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Namibia: prepping for H1N1 flu outbreak

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  • Namibia: prepping for H1N1 flu outbreak


    Nam prepping for H1N1 flu outbreak

    A NATIONAL preparedness and response plan for the H1N1 flu, also known as swine flu, will be finalised by the end of this week.

    The plan, which outlines the nature and characteristics of the virus and provides a comprehensive action plan in responding to the threat of an epidemic, was developed by a subcommittee of the National Health Emergency Management Committee.

    But while the plan ? developed under the leadership of WHO epidemiologist Dr Pascal Mkanda, in the country for three weeks at the request of Health Minister Richard Kamwi ? clearly lays out the requirements for national preparedness, it also highlights a number of aspects in preparing for a potential outbreak of the flu that have not been carried out yet.

    Key amongst these are the community awareness campaign and capacity building efforts ? both of which still have to be completed.
    While a public awareness leaflet has been designed, with the decision to print 500 000, the translation and printing of the leaflets still have to be done.

    Progress that has been made includes the printing of leaflets that the City of Windhoek committed itself to printing for its residents, with plans to begin distribution by Tuesday.
    In addition, the 500 000 travellers? information cards are also still to be printed, despite having been finalised last week already.

    This in itself is one of the greatest concerns for the committee, as travellers are currently the most at-risk group.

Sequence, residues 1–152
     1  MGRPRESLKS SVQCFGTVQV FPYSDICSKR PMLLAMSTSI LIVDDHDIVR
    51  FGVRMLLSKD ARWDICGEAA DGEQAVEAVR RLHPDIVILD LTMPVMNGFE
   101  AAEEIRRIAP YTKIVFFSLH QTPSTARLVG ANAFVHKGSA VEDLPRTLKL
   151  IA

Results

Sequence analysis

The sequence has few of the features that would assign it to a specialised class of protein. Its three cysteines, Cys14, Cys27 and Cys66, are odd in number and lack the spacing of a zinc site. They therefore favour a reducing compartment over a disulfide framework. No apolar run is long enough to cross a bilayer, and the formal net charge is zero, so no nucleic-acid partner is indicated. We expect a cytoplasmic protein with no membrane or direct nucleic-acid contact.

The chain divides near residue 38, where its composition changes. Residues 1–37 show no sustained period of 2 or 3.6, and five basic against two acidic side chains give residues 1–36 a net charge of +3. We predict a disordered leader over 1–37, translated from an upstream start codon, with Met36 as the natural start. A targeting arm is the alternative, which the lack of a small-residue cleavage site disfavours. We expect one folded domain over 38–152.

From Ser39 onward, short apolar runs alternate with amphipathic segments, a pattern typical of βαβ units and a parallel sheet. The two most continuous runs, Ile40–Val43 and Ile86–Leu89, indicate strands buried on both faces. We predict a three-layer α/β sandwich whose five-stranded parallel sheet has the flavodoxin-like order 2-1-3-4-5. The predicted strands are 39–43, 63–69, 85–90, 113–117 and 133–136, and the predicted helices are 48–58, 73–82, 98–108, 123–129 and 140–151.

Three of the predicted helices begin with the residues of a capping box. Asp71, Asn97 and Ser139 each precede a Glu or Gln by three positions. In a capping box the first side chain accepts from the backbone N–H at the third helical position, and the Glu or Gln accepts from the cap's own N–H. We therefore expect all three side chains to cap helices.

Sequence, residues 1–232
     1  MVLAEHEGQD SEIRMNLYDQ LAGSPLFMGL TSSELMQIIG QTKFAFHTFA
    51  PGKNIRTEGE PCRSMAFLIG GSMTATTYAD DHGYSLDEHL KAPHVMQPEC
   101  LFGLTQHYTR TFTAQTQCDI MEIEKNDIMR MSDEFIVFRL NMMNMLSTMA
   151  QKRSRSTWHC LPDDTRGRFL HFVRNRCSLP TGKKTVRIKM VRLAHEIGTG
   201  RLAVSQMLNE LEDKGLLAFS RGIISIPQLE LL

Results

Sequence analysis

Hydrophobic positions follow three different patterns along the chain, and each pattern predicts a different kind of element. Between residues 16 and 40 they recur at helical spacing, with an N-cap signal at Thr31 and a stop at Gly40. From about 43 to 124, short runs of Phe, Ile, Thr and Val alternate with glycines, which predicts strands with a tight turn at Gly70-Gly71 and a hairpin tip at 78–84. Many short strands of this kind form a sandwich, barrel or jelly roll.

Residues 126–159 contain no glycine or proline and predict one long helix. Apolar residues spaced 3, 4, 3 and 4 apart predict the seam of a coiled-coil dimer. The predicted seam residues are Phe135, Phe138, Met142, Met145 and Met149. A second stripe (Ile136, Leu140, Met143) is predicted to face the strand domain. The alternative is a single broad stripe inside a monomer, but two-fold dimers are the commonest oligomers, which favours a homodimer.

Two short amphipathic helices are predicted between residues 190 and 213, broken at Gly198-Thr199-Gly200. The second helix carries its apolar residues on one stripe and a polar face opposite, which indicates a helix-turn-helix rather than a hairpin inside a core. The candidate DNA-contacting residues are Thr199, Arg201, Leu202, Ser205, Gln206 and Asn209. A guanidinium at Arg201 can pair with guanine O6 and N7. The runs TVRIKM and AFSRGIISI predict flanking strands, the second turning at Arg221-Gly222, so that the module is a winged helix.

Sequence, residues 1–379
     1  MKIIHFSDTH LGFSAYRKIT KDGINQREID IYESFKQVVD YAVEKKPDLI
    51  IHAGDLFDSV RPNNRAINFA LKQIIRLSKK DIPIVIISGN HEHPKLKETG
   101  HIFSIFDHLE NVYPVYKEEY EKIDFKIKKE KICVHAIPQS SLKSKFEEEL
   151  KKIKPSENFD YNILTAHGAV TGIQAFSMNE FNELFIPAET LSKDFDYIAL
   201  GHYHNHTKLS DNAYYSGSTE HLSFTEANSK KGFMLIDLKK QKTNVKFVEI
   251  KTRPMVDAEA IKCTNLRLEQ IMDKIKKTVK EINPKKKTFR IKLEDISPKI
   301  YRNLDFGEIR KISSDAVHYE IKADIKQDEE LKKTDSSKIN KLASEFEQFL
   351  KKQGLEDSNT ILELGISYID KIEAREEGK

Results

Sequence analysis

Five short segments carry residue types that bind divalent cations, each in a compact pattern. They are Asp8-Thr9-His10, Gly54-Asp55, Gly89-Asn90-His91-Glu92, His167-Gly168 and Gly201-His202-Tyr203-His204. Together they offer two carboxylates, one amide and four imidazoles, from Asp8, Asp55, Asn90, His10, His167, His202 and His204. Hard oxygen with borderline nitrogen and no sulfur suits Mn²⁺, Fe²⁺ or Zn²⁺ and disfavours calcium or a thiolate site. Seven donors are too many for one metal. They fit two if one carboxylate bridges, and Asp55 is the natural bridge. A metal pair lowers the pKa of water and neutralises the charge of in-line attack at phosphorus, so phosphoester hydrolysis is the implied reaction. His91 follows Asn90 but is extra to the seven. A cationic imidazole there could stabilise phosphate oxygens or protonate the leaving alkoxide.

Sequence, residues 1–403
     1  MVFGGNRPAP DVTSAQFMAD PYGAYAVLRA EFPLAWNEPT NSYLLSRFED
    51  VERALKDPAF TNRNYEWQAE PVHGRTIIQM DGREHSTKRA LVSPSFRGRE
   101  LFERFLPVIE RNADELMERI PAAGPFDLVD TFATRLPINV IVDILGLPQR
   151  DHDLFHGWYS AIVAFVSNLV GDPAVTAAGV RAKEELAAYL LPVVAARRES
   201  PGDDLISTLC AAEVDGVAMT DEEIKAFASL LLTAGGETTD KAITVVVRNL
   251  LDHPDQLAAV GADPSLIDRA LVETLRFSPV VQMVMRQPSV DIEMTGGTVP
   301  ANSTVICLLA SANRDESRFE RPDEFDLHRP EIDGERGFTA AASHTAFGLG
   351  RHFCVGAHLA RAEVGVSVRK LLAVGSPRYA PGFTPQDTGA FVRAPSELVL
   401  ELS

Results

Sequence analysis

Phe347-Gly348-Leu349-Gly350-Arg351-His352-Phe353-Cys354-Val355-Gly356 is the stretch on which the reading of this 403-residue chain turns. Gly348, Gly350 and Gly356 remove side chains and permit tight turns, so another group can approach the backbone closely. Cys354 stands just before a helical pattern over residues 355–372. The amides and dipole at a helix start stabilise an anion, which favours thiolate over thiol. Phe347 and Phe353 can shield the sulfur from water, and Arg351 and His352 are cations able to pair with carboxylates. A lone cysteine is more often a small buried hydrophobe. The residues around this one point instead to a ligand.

The WHO said yesterday that nearly 10 000 cases of swine flu have been confirmed in 40 countries, and 79 people are known to have died from the new virus.

    Although in Africa only two suspected cases have been reported in South Africa, the threat is real in that Namibia is a popular tourist destination, with the peak tourism season beginning next month.

    At the meeting yesterday, Mkanda stressed that the travellers? cards should be printed and distributed to the various ports of entry as soon as possible, so that travellers arriving in the country are aware of what to do and who to report to, should they experience flu symptoms.
    Also behind schedule is the printing of case definitions to enhance the detection of the flu; the designation of sentinel sites for reporting, monitoring and managing the flu; training identified health personnel in responding to an outbreak; and the identification and training of relevant ministries, departments and sectors to be sensitised and to sensitise the public on the flu.

    But while much remains to be done in responding to a potential outbreak of the flu, the NHEMC, under the chairmanship of Dr Jack Vries, should also get credit where it is due.

    The committee, which was reactivated early this month by Kamwi, has already re-established committees at the regional and district level to monitor developments and communicate them to health personnel, and surveillance procedures are in place for the reporting of suspected cases.
    In addition, 20 000 doses of Tamiflu antiviral medicine, 200 000 surgical masks and 750 testing swabs have been ordered. The Tamiflu is expected to arrive by Monday, while some of the masks and swabs have already been received.

    Specimen collection, handling and transportation systems have also been set in place should a case be suspected, and the committee is in communication with the National Institute for Communicable Diseases (NICD) in South Africa, which has committed itself to testing specimens free of charge.

    Public awareness material, though not distributed, has also been compiled and finalised, and distribution numbers per region have been decided upon; and media are also informed of the committee?s meetings to gather information for public updates.

    What now remains most pressing is for co-ordination efforts to be solidified, and for clinicians, described as the ?frontliners? in the response to the flu, to be better informed so that they are able to report back accurately to surveillance officials.

    The response plan is to be finalised at the committee?s meeting on Friday, and printed next week for distribution to regional directors, committees for public health emergencies, medical officers, policymakers, and other concerned players in the flu response.